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Man charged with credit union robbery during which Garda officer Adrian Donohoe was shot dead is refused bail


Detective Garda Adrian Donohoe was fatally shot in 2013. Credit: Garda

Detective Garda Adrian Donohoe was fatally shot in 2013. Credit: Garda

Detective Garda Adrian Donohoe was fatally shot in 2013. Credit: Garda

A man charged with the credit union robbery during which Detective Garda Adrian Donohoe was shot dead has been refused bail.

Brendan Treanor (33) appeared before Dundalk District Court this morning where he brought an application to be granted bail.

During the contested hearing it was alleged that Mr Treanor was part of a criminal gang involved in 10 creeper burglaries across five counties between 2012 and 2013.

The accused, of Emer Terrace at Castletown Road, Dundalk, is charged with robbery of €7,000 in cash and assorted cheques at Lordship credit union on January 25, 2013.

He is also charged with conspiracy to commit burglaries with two named individuals between September 11, 2012, and January 23, 2013, by entering residential premises with the intention of stealing the keys of householders’ cars.

Sgt Noel Mohan, of Dundalk garda station, said he was objecting to bail being granted on several grounds including the seriousness of the charges, the strength of the evidence, and the likely prison term on conviction.

Outlining the background to the case, he said that detective gardas Adrian Donohoe and Joe Ryan were on a cash escort along the Cooley Peninsula on January 25, 2013.

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Sgt Mohan said the escort arrived at Lordship credit union at around 9.25pm when they were ambushed by an armed gang concealed behind a boundary wall. The court heard there were four men, at least two armed, as well as the driver of a dark coloured Volkswagen Passat which had pulled across the credit union carpark and blocked the exit.

One of the gang approached Det Gda Donohoe and discharged a firearm which fatally injured him, the court heard.

Sgt Mohan said the vehicle involved was later identified as being stolen in a creeper burglary in Louth on the night of January 22, 2012.

He said that the term creeper burglary was synonymous with the modus operandi of people entering a home and stealing the keys of a car.

The court heard that during the investigation burglaries of a similar nature were also identified.

Sgt Mohan said a criminal gang, which he alleged involved Mr Treanor and others, were involved in 10 other such creeper burglaries in Louth, Meath, Cavan, Monaghan and Westmeath, between September 11, 2012, and January 23, 2013.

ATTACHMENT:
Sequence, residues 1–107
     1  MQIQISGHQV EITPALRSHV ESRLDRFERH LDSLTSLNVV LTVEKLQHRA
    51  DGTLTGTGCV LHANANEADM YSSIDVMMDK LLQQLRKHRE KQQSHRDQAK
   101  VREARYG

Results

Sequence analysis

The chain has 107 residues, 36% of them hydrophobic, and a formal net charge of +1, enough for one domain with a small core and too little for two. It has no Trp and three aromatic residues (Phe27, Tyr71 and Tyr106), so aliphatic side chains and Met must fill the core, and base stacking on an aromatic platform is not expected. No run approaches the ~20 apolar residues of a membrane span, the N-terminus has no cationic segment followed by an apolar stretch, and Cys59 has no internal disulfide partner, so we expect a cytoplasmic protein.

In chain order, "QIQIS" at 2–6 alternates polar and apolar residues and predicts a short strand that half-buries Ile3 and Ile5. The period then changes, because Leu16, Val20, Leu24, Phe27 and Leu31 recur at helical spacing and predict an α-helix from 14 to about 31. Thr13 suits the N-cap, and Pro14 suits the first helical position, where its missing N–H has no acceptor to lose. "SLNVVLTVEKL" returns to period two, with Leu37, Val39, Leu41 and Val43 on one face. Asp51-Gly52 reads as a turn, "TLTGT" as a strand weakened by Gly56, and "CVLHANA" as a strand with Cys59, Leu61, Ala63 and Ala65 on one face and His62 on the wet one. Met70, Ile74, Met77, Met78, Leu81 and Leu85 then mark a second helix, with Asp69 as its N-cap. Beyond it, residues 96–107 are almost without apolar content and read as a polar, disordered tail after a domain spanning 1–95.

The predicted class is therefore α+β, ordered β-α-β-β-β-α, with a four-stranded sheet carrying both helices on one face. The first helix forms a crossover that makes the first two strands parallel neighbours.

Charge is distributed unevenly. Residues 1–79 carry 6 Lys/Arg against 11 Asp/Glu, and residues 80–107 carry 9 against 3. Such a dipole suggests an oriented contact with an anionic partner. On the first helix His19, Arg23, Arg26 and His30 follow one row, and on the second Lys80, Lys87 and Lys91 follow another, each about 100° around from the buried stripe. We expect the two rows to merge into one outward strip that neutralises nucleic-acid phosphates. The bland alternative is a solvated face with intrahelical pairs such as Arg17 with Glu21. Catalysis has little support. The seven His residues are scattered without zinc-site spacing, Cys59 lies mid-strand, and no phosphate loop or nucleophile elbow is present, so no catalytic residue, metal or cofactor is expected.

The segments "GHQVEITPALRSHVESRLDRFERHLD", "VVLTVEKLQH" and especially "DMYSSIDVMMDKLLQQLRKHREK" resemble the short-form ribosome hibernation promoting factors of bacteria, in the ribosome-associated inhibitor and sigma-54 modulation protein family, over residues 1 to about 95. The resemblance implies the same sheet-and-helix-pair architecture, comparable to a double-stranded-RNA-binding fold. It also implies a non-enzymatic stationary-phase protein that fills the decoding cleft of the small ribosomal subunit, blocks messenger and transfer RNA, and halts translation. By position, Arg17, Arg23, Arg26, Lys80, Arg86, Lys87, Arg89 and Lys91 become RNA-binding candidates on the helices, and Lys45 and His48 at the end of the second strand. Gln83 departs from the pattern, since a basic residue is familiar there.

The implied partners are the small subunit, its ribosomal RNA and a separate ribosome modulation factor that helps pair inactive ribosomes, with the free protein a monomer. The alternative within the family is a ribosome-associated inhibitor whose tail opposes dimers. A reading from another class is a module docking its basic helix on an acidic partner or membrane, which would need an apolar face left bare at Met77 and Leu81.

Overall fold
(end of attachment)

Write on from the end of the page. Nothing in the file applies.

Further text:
The investigator said that the charge of robbery carries a maximum sentence of life imprisonment on conviction.

Under cross-examination from defence counsel John Berry BL, the witness agreed that there was no confession evidence in the case against Mr Treanor.

Sgt Mohan also agreed that CCTV of the Volkswagen Passat linked to the robbery was taken on dark and rainy nights.

Asked by counsel if this footage was "far from ideal", the witness said that the CCTV "is what it is" and that it has been proven before another court.

Mr Berry submitted that his client was initially arrested in April of this year in relation to this investigation and was told that there was a possibility of charges but remained in the jurisdiction.

He said the narrative of the incident provided by Sgt Mohan was distressing and that a case involving capital murder deserves to be dealt with seriousness and earnestness. However, Mr Berry said his client was solely charged with the robbery offence.

He added that a general narrative was given of the incident but not of how Brendan Treanor was allegedly involved in the robbery.

Judge Eirinn McKiernan said she was refusing bail having carefully considered the evidence.

She made the refusal given the nature and seriousness of the offences, the sentence likely imposed on conviction, as well as the nature and strength of the evidence in support of the charges.

Judge McKiernan also said that, given the serious nature of the charge, she was going to grant a defence application for legal aid.

Brendan Treanor was remanded in custody to appear before the court again on August 12 for the preparation and service of the book of evidence.

A second man is due to reappear before Westminster Magistrates Court next month on foot of a European Arrest Warrant (EAW).

The 30-year-old, from Armagh, is being sought by gardaí to be charged with robbery at Lordship credit union and conspiring to commit burglary.

Aaron Brady (30), formerly of New Road in Crossmaglen, Co Armagh, is currently serving a life sentence with a minimum of 40 years for the capital murder of Det Gda Donohoe. Last October he was also sentenced to 14 years imprisonment for robbery at Lordship credit union.

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